The walking pathways in the Austrian Alps are renowned for their aesthetic allure. However, equally enticing are the opulent spa-hotels where trekkers can soothe aching limbs in a labyrinth of eucalyptus-scented steam rooms and saunas. Furthermore, there is no spa more enigmatic than the radioactive caverns in Bad Gastein where I found myself unexpectedly.
Historical Elegance and Luxurious Accommodations
During the waning years of the Austro-Hungarian empire, this sophisticated spa town was constructed atop a rocky outcrop adjacent to a magnificent cascade. In the late 19th and early 20th centuries, upscale hotels capitalized on the radon-rich thermal waters to provide luxurious accommodations for affluent guests seeking therapeutic treatments.
A Unique Approach to Redevelopment
Although Bad Gastein is a bustling winter ski destination, many of these gems were boarded up as water sports fell out of favor. The municipality could have emulated numerous other ski resorts, especially those situated in Switzerland, by permitting the construction of new buildings throughout the mountainous region. Instead, the post-lockdown redevelopment has ensured that every “new” hotel is an existing structure converted into a hotel.
A converted sanatorium even the Comodo, which markets itself as a hotel featuring contemporary design. In addition, the Grand Hotel Straubinger, whose imposing, circular arches exude Habsburg magnificence, commenced operations on September 1. Soon after, three more hotels appeared.
Convenient Travel and Vertical Link
Vienna and Salzburg are both served by frequent direct trains that stop in Bad Gastein. The station is situated 100 meters above the majority of the town despite its proximity; therefore, the resort is constructing the Vertical Link, a conduit with moving walkways that will prevent pedestrians from having to ascend narrow, steep streets.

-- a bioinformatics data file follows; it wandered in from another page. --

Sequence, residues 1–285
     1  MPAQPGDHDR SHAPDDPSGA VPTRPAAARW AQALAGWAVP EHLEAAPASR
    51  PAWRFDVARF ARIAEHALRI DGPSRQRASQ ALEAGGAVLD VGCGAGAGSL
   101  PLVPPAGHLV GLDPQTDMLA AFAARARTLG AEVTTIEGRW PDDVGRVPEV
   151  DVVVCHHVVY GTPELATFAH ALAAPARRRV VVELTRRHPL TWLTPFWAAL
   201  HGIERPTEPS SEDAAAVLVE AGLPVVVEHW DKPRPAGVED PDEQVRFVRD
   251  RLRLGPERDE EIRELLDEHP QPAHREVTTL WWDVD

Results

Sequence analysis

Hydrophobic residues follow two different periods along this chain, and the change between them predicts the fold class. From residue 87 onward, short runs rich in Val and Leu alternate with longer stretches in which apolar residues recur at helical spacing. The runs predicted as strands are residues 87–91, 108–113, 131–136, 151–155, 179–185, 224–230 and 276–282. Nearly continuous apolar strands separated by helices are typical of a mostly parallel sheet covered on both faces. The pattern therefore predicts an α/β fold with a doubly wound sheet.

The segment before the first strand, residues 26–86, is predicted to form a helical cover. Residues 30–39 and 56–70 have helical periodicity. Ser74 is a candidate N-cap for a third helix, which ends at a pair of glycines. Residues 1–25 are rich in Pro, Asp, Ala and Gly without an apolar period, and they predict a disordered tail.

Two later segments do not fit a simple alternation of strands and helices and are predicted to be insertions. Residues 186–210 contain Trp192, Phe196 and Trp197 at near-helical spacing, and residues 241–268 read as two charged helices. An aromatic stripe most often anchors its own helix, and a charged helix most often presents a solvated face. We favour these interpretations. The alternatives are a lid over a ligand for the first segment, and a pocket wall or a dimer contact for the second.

A Journey into Radon-Rich Caverns
An additional tunnel leads to the most remarkable “wellness” center. The Gasteiner Heilstollen guarantees that by submerging guests in its radon-rich caverns, any nagging aches and pains will be eradicated. Radon is abundant in Wales and the West Country, among other UK places. A visit is deemed secure by management due to the extremely low radon exposure—approximately one-tenth the radiation of an X-ray—involved. The claims regarding health benefits are less substantiated, despite the fact that a significant number of Austrian tourists cover their travel expenses through health insurance. This nation of wellness enthusiasts is extremely serious about resorts.
Exploring the Beauty and Adventure of the Gastein Valley
Before proceeding to the Gasteiner Heilstollen, my spouse and I scheduled an appointment with a physician. I was inclined to inquire whether the caves might provide relief for my eczema, as laborers in this antiquated silver mine reported unexpected improvements in joint pain and skin complaints. However, my NHS-employed husband insisted on questioning him about the somewhat shaky evidence basis, which put our physician on the defensive and quickly ran out of time.